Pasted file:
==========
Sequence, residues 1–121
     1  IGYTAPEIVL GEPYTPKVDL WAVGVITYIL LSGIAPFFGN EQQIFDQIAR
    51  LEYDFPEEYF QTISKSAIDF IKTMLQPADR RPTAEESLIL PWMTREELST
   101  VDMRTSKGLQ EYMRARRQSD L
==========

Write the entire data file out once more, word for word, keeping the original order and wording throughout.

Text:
Sequence, residues 1–121
     1  IGYTAPEIVL GEPYTPKVDL WAVGVITYIL LSGIAPFFGN EQQIFDQIAR
    51  LEYDFPEEYF QTISKSAIDF IKTMLQPADR RPTAEESLIL PWMTREELST
   101  VDMRTSKGLQ EYMRARRQSD L